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PLN censorship suit mentioned in "Publishers sue VA prisons for banning law guide"

Associated Press, Jan. 1, 2010.
PLN censorship suit mentioned in "Publishers sue VA prisons for banning law guide" - Associated Press 2010

Publishers sue Va prisons for banning law guide


Associated Press Writer

July 21, 2010


Virginia prison officials have unconstitutionally banned inmates from receiving a book that teaches them how to file lawsuits concerning mistreatment or poor prison conditions, the book's publishers claim in a lawsuit filed Wednesday.

National Lawyers Guild and the Center for Constitutional Rights, both nonprofit civil rights organizations, sued state Department of Corrections Director Gene Johnson, officials at Coffeewood Correctional Center in Mitchells and members of the department's Publication Review Committee in federal court in Charlottesville.

The groups claim the officials violated their First Amendment and due process rights when they restricted inmates' access to their book "Jailhouse Lawyer's Handbook: How to Bring a Federal Lawsuit to Challenge Violations of Your Rights in Prison." Corrections officials claimed the book was a danger to prison security or "good order."

"If it is dangerous to educate people about the Constitution, there are a lot of law schools who are going to be in trouble," said Rachel Meeropol, a CCR attorney who helped write the handbook.

The lawsuit says a prisoner at Coffeewood received approval to order the free publication last fall, but when it arrived it was disapproved and sent to the state's Publication Review Committee.

The committee upheld the decision to withhold the publication because its content was considered "detrimental to the security, good order, discipline of the facility, or offender rehabilitative efforts or the safety or health of offenders, staff, or others."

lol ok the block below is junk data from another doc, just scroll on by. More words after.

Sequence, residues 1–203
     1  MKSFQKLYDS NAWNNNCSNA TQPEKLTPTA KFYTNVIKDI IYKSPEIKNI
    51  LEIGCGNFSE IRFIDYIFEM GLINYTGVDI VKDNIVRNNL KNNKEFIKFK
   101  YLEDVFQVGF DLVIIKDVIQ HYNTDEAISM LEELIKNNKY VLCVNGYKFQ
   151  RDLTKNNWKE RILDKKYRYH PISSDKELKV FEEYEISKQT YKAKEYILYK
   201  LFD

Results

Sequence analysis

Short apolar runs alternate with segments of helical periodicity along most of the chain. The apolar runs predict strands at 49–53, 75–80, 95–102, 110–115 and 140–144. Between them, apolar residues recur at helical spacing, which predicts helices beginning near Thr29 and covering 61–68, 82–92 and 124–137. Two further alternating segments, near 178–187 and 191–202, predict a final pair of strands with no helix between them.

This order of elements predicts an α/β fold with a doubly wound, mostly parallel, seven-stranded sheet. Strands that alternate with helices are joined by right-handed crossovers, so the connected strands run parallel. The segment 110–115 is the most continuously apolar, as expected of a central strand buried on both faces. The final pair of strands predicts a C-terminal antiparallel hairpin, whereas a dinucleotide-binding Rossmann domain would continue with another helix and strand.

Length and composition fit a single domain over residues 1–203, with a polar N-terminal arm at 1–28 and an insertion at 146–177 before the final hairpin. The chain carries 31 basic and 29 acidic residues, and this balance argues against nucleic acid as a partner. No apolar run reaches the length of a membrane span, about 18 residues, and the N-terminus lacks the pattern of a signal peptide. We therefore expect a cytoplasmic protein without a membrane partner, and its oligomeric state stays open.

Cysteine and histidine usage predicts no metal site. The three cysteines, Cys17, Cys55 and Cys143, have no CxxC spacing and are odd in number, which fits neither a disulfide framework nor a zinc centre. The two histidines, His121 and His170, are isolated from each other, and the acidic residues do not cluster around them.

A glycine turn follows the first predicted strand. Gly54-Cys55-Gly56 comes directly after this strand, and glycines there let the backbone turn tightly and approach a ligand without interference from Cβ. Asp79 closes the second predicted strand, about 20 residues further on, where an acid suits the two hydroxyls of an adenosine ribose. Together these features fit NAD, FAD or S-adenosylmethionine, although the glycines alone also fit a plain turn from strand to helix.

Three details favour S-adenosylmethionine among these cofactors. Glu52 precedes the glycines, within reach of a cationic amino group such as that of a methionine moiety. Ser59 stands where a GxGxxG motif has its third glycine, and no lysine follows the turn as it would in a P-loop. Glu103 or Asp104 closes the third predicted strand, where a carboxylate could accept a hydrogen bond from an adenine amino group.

The lawsuit claims the publishers were not notified about the decision as policy dictates, so they were unable to appeal it.

Prison officials referred questions to the Attorney General's Office, which did not immediately return a request for comment.

In the department's publication policy, it outlines the need to monitor what inmates read.

"Offenders retain certain First Amendment rights in regard to free access to publications," it reads. "Correctional administrators have equally valid responsibilities under the Code of Virginia to maintain security, discipline, and good order in their facilities."

The lawsuit is the second in a year challenging the prison system's publication policy. The policy bans publications of a sexual or criminal nature, such as how-to guides to making weapons or drugs, but it leaves wide discretion to ban anything deemed inappropriate for prisoners.

Prison Legal News, a magazine that reports on prisoner rights and criminal justice issues, sued state officials in October after subscribers were denied access to over a dozen of its issues. It also challenged policies that prohibit gift subscriptions and materials that inform inmates how to subscribe to the magazine or buy books from the nonprofit organization.

A December trial is set in that case. Prison authorities have agreed to take the issues off the disapproved list, but the magazine continues to fight other issues raised in the suit, said Jeffrey Fogel, a Charlottesville attorney who represents the magazine and also is working on the "Jailhouse Lawyer's Handbook" case.

While measures have been put in place to cut down on the number of frivolous lawsuits filed by prisoners, Fogel said it also has made it more difficult to push through legitimate complaints.

The idea of having the federal court open to prisoners to complain about the conditions of their confinement is critical, Fogel said.

"When a prison system starts to impose rules like we're not going to let you have a manual that's going to let you resolve disputes peacefully ... what lesson is being taught to the prisoners?" Fogel asked. "It's preposterous."

The lawsuit seeks to require the department to make a copy of the book available to all prisoners who have requested it, to allow any prisoner to obtain a copy and to change administrative procedures to give publishers and prisoners a chance to dispute banned material. It also seeks compensation for damages and fees.